ghosts

washed ashore, no breath left.  rocked to death, their

life emptied into the torturous sea

that swallowed them.  promising them lives, but

it brought them back against the wood, against

the rocks.  their pale faces charred from the sun,

their thinning brows white with salt.  their hopeful

black hair tangled with the splinters, their bones

rattling, their bones done.  I pray God saved them,

even if they didn’t believe.  please let

there be some mercy in that mystery.

but I’m afraid there are more coming,  more

running, being chased, fearful, while ever

so mournful.  lost ones being swallowed up

by the sea, washed ashore with no breath left.

la manie

it’s nothing, it’s everything

it’s the stuff fraying at the edges

it’s the goo left in-between

 

try to outwit it, run and escape it

but it’s clever, it’s faster

go blind when that mania warps shit

 

it’s nothing, it’s everything

the ailment that’s in your brain

leaving us stuck in-between

today

Today, this day, 10 years ago she watched her father die in a cold hospital room during a Nebraska winter. 

Today, this day, she decided to go to the beach.  

This woman, while resting in an umbrella of warmth, heard a man shuffle by; wearing a blue shirt, his profile reminded her of her father.

The one that could grow a red beard and whose eyes got greener when he was mad.  The one whose laugh could wake the dead and the one who hid his sadness with a mask.  Until that day – she got the call that he wanted to end it all.  One week he would stay at a different hospital, decades before his unluckiness would take him.  Decades before the cancer devoured his laugh and made him blow up like a fish.  Decades before she saw his last breath.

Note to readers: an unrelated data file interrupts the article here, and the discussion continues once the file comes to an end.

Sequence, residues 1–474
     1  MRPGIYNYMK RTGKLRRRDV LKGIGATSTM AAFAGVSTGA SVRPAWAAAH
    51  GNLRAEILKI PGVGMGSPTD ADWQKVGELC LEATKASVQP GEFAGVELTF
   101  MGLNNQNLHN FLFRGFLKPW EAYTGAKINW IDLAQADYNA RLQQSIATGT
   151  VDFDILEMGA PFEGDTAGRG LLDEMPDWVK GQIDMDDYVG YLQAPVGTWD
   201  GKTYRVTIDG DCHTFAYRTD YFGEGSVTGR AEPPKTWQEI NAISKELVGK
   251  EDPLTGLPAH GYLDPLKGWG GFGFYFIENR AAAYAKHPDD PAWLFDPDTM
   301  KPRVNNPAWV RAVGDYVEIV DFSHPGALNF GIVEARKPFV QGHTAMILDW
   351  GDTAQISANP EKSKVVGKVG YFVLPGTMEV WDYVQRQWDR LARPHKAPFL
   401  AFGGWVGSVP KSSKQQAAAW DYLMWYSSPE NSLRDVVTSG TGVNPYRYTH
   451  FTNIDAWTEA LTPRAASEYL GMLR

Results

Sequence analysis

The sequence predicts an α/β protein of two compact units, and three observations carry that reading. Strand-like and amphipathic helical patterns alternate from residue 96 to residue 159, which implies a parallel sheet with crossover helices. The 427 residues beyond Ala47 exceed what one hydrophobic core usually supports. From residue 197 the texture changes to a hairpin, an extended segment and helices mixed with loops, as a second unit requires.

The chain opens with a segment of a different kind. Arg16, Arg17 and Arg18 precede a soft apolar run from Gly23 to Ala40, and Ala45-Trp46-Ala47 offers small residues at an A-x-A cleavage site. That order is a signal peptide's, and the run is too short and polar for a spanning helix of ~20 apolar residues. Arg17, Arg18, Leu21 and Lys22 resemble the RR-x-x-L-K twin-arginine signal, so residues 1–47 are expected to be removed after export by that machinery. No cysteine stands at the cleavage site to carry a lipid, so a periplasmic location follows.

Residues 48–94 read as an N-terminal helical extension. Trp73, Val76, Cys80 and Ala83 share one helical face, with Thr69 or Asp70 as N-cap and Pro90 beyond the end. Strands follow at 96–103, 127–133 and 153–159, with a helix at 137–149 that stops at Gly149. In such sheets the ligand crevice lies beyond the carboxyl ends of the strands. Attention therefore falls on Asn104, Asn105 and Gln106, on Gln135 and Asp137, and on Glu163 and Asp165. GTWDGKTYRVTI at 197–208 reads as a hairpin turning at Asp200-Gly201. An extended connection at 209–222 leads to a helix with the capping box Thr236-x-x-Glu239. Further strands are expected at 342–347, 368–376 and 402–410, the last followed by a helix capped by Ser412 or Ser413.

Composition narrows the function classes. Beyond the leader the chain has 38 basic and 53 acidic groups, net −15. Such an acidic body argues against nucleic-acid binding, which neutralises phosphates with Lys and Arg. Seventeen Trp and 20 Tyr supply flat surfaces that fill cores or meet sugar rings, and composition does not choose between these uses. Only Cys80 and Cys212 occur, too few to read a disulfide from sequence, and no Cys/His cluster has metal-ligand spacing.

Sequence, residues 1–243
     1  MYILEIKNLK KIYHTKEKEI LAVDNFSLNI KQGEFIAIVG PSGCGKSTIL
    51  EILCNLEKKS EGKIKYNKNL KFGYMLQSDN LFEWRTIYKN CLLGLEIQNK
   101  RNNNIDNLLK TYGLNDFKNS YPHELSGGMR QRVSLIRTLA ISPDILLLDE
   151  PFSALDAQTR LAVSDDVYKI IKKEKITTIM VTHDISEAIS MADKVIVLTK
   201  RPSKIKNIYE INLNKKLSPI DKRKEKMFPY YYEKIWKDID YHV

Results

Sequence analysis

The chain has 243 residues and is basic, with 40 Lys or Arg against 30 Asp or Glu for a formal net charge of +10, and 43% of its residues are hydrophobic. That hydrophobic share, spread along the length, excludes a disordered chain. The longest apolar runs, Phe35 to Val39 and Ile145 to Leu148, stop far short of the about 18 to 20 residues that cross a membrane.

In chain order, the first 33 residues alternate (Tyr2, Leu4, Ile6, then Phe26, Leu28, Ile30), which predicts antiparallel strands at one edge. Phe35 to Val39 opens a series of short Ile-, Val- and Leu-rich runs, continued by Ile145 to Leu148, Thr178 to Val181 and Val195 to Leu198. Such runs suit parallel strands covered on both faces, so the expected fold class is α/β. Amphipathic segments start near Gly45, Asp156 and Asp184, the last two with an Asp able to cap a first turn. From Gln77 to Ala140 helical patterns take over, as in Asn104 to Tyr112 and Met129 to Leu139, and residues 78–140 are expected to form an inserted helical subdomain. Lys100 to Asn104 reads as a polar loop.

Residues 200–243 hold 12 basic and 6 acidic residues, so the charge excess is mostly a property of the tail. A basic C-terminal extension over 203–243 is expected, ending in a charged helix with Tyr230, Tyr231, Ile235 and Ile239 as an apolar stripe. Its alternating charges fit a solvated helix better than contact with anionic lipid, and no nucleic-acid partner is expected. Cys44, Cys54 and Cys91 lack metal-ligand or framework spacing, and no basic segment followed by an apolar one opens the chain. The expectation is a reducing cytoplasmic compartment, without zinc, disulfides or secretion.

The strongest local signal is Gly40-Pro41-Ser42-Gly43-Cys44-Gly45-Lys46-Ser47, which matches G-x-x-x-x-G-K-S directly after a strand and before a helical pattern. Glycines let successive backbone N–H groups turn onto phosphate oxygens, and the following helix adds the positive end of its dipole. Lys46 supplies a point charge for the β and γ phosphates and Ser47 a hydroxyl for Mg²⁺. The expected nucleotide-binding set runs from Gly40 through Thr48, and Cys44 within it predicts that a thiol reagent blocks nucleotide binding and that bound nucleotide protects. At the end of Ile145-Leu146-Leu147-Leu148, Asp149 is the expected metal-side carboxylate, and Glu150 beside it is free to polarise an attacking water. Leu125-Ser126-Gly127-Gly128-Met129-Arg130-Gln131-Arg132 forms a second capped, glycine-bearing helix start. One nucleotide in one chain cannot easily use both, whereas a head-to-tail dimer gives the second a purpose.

The man she saw today was shorter than her father, but they shared the same hair color and smile.  She was sure his eyes were green and that they sparkled like sand beneath her feet.  She would close her eyes and try to recall the ghostly memories of her father.  The way he shifted his weight while talking on the telephone.  Right foot, left foot, with a sort of rocking motion.  The way he sprayed a cloud of Aqua Net on his hair every morning.  And the way he never seemed to dry off his hands after washing them; he just shook them in the air while her socks soaked up the water. 

Between reading, trying to remember, and wave gazing; she spent a great deal of time watching one particular seagull.  The fat one with a long neck who bellowed for the others to stay away.  The one who looked irritated at the smaller, scurrying birds that busily ran after their shadows.  The one who approached her expectantly as she ate her honey mustard pretzels and then was chased by a little girl who reminded her of her daughters.  The one with the peach and blue bathing suit.  The one with the ponytail that looked like one long curl down her back.  The little one with all the power to chase the seagull around and make him soar away.  

This woman longed to borrow the little girl’s happiness, borrow her smile, borrow her power to make the seagull ascend.  Especially today, this day, when 10 years ago she was forced to say goodbye to her father.